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More than half of desks in Britain’s council buildings are empty

More than half of UK council office desks are vacant amid a wave of work-from-home culture

  • The number of registered homeworkers has increased from 1,442 to 5,153
  • The occupancy rate of the buildings was 40% in September, October and November

More than half of the desks in municipal buildings are vacant due to an increase in civil servants working from home, according to new data.

The number of municipal employees whose place of work is listed as their residential address has grown from 1,442 to 5,153 since 2019, according to figures compiled by the TaxPayers’ Alliance in response to freedom of information requests.

The occupancy rate in some council buildings was 40 per cent in September, October and November 2022, but only 7.37 per cent in Stoke on Trent.

Still, 84 of the 114 municipalities that have published their budgets for the next financial year will increase municipal taxes in April by 4.99 percent – ​​the maximum allowed. The average Band D household will see bills rise by £99 a year.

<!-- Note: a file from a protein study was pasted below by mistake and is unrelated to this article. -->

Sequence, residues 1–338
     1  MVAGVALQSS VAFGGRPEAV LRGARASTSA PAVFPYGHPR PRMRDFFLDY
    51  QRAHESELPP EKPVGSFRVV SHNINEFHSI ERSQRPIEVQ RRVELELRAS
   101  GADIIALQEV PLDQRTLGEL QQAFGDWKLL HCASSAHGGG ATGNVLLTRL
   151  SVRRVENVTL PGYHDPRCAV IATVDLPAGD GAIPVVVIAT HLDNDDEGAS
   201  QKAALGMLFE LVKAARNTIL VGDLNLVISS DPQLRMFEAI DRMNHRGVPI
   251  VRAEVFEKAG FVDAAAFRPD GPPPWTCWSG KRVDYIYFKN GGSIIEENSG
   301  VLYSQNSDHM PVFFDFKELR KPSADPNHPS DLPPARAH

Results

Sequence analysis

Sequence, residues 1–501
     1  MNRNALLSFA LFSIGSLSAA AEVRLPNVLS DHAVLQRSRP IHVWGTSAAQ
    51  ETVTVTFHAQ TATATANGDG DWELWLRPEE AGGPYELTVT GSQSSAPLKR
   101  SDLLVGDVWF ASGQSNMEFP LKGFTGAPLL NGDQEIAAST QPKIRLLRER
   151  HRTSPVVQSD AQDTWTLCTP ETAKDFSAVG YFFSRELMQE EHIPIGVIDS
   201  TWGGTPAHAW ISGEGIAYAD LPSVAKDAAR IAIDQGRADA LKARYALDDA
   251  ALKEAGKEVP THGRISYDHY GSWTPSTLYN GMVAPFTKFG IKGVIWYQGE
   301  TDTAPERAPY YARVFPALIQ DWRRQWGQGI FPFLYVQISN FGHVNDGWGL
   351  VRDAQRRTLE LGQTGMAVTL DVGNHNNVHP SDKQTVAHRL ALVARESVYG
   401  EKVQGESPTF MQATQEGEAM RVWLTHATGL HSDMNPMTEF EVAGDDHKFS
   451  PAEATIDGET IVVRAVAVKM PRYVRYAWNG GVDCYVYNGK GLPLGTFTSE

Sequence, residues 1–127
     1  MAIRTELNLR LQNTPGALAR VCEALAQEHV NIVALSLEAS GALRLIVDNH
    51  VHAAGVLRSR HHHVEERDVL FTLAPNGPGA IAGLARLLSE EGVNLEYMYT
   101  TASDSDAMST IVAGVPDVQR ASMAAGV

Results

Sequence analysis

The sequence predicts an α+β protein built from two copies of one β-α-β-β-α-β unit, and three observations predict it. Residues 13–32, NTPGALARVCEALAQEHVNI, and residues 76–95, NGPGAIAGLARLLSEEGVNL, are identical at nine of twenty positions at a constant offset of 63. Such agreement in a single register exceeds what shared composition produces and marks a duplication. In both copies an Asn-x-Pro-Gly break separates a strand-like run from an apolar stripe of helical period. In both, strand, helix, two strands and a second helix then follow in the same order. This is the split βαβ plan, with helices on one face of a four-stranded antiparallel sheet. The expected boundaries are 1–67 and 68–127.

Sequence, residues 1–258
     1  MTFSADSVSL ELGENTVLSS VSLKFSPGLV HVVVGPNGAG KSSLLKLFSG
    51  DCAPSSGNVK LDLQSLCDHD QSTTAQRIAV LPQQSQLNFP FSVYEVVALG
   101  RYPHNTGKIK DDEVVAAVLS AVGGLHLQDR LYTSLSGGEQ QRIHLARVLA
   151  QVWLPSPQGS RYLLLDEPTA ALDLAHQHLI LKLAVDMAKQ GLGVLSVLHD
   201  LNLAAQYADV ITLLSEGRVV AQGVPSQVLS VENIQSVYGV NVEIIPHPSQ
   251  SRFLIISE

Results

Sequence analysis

More than half of the desks in municipal buildings are empty due to an increase in the number of civil servants working from home. File image

Elliot Keck of the TaxPayers’ Alliance said: “The rise in home working leaves valuable office space empty. Municipalities should raise funds by selling unused assets or getting employees back to their desks sharply.’

Tory MP Jacob Rees-Mogg said: ‘It is absurd that a year after the repeal of social distancing rules so many council workers are still at home.’

The Local Government Association said: ‘Councils have long experience managing staff remotely as many staff work away from the office. Flexible working is ultimately good for retention and morale.’